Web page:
It’s exciting to think about a remodeling project and all the fun things you will do. And while safety is not something that most people would say is unimportant, you’d be surprised at how many ways safety can become an issue.
A first step is permitting. Simple enough, but many people often see building permits as a waste of money. Permits, however, are important for helping ensure safety.
Building, electrical and mechanical permits can all be part of any remodel, even though only some may apply to your specific project. Check with your local jurisdiction to see what’s required.
Use professional and skilled trades. Sure, lots of folks can wire a house or do some plumbing, but having it pass muster and be safe is really key.
Faulty wiring can be disastrous, if not deadly. Make sure your tradespeople have adequate certifications (where applicable). Professional tradespeople know current codes and will make sure you have the appropriate detectors, scald-proof valves and other items that can protect your family.
Electrical updates to wiring are not super snazzy, and you don’t always “see” the result, but wiring is a major safety concern, so if you have any electrical oddities or quirks, have them fully investigated by a licensed electrician and make any needed corrections.
You also want to be sure that you have functioning smoke detectors (preferably hard wired and with a battery backup) in all bedrooms and a living area, along with CO2 detectors if you have any gas appliances. These items really top the safety must-haves!
Does your family have any special needs? Health or mobility issues, aging-in-place needs? There are lots of ways you can make your environment safer for a variety of needs.
Backing for grab bars near toilets, in showers and tubs can be installed right away or as you need them. Eliminating multilevel floors (that old sunken living room that was so chic in the ’70s and ’80s) and using universal design can create spaces that are easy to use for family members of any age or ability.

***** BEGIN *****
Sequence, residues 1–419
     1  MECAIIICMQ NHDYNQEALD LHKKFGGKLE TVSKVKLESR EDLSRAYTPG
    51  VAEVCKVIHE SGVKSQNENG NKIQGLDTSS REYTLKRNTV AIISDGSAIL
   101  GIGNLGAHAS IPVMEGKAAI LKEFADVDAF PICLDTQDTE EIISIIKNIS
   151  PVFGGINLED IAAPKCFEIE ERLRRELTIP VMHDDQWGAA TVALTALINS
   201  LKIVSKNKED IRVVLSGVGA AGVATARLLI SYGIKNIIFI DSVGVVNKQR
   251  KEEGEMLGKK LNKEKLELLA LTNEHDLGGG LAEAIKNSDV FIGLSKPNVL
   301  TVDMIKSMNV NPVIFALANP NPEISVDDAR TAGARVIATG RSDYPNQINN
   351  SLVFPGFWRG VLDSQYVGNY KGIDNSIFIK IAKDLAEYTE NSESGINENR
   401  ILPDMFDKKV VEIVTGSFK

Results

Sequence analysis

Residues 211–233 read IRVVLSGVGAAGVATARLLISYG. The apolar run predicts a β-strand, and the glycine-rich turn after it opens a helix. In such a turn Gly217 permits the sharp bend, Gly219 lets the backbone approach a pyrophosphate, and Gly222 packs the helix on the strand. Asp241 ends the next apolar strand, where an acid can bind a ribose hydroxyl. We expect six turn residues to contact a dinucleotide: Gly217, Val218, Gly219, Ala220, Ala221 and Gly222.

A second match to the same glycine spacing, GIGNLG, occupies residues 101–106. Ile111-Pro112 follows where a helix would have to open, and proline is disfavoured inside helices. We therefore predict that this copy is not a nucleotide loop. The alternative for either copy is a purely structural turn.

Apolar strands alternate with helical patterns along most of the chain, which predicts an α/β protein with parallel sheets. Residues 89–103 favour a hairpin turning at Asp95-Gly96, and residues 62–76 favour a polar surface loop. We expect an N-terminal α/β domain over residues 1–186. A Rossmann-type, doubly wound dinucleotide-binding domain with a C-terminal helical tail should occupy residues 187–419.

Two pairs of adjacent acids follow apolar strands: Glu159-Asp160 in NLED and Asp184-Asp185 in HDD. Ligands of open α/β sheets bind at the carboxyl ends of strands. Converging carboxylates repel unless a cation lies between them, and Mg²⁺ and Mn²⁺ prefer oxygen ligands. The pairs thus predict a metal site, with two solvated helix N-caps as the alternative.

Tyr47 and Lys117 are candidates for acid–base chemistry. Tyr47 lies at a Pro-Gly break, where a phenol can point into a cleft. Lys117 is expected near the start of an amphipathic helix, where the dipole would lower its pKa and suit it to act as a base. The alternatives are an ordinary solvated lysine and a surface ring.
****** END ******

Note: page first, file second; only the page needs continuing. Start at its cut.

As we get older, our vision changes, as does our depth perception. Multilevel homes or spaces with one step down, like the sunken living room, can create trip hazards, so level out those floors. Extra lighting is also helpful, but to avoid an operating-room feel, have it switched in multiple locations. For example, so all the kitchen “can” lights don’t come on at once. The other option is dimmers, to set the level of light you need at any given time.
Another type of safety consideration is chemical sensitivity. New construction, remodeling and the products that go along with it can have high levels of volatile organic compounds, and that off-gassing can cause everything from headaches and nausea to much more severe illness. Pay attention to products that avoid formaldehyde and those that are low-VOC in everything from floor covering to paints.
Floor coverings can present some issues, in particular hardwood floors and stairs. These are beautiful additions but can be very slick underfoot. Shoes can provide some help but if you are a “no shoes” household and wear socks or slippers, wood can be a slippery slope!
Consider any issues facing your family before you start planning, and seek input about finishes and treatments so that your new space is beautiful and safe for all.